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Thomas Prevatt


Thomas Prevatt
Thomas Prevatt

Starting a business on sound financial footing involves facing three sets of three: three options for the money, three options for the structure and three types of advisers.

Those decisions come after you turn your idea into a business plan built to achieve a quick exit or long-term success, says Thomas Prevatt, who works with entrepreneurs as a partner in the tax practice of Brookhaven-based accounting and advisory firm Aprio. Prevatt says he sees many entrepreneurs who could have thrived “if not for those first couple stumbling blocks that knock out so many business owners.”

David Aferiat

For working capital, you can use your own money, borrow or find investors. Self-financing is high risk and high reward, Prevatt says. You lose everything if the business fails but get all the profit if it succeeds. You also set your own timeline, says David Aferiat, co-founder and managing partner of investment intelligence company Trade Ideas and founder and owner of organic wine importer Avid Vines. His two partners couldn’t satisfy the quick-profit pressure of investors in a previous business, Aferiat says, so they launched Trade Ideas in 2003 with their own money.

Aferiat, an Upper Westside resident, went 18 months without a salary, but says the partners could “make the mistakes we needed to make at the timetable that we needed to make them.”

Borrowing can create more risk. Lenders for new businesses usually want a personal guarantee, Prevatt says, so even if the business fails, the loan obligation remains. He advises finding a lender that specializes in your industry to get the best terms.

Investors, whether friends, family or venture capitalists, reduce financial risk in exchange for partial control and potential profits, Prevatt says. “You have different voices, and they all feel like they have a say.”

Control is also a factor in the choice of business structure: C corporation, S corporation, or limited liability corporation or partnership. The wrong choice, Prevatt says, could mean thousands of dollars going to the IRS instead of the business.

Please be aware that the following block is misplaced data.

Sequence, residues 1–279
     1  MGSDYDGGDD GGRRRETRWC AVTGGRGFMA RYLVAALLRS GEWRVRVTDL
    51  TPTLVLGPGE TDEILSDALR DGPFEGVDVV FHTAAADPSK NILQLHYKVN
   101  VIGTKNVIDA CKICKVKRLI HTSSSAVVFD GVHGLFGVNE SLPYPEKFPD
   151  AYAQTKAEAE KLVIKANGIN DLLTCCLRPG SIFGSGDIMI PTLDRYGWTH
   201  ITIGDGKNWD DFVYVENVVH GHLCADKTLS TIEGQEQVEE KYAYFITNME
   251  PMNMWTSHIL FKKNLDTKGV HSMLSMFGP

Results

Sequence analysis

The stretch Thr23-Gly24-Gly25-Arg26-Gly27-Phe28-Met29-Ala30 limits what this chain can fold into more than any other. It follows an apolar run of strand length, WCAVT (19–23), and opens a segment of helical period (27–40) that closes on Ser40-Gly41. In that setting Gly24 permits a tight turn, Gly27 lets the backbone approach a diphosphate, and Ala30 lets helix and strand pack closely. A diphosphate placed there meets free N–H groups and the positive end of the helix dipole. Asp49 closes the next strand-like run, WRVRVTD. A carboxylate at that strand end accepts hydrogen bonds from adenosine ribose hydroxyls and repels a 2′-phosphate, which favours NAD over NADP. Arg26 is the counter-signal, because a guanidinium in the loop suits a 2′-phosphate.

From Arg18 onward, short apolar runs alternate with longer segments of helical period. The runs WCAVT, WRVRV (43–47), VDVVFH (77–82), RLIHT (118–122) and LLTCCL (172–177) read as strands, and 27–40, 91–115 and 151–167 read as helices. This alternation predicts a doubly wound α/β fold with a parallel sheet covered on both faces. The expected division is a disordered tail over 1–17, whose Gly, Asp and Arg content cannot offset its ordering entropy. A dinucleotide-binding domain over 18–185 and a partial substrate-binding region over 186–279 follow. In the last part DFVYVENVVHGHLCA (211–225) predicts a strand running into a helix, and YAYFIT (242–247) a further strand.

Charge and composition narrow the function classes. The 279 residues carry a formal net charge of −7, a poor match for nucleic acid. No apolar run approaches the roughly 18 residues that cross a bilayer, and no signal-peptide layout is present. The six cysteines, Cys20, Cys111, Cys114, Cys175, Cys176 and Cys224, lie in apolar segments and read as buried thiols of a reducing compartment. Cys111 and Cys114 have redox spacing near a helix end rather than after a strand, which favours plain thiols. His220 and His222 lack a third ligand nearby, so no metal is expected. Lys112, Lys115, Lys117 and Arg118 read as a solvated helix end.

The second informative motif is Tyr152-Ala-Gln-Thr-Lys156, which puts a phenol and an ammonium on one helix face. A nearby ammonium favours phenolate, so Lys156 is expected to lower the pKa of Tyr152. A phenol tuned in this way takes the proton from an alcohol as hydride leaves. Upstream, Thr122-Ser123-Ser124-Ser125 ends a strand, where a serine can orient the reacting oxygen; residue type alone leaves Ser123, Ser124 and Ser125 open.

Because an S-corp and an LLC/ partnership provide flexibility to use startup losses to offset outside income, they are better than a C-corp to build a new business for the long term, Prevatt says.

For an advisory team, Prevatt says every startup needs a great lawyer, a good accountant and a solid support group.

Accept the upfront cost of a lawyer who creates ironclad documents and agreements, Prevatt says, and trust an accountant to minimize taxes and provide advice ranging from local incentives for job creation to potential advantages from making the wife the majority owner of a family business. Just be sure the lawyer and accountant coordinate their efforts.

Prevatt advises paying yourself something from the start to avoid burnout and setting aside a slice of all revenues to force yourself to minimize expenses and build an emergency fund.

The final advisory element is a support group of like-minded entrepreneurs to provide advice, insight and sympathy.

Aferiat was more than a decade into Trade Ideas before he found such a group in the Atlanta chapter of Entrepreneurs’ Organization. He joined after seeing EO’s impact on a cousin and a friend, and he found that it satisfied his need for continual learning. Now he’s the chapter president. “Other people have tread these waters before,” he says. “Why should you have to suffer when you can learn from someone else’s experience?”



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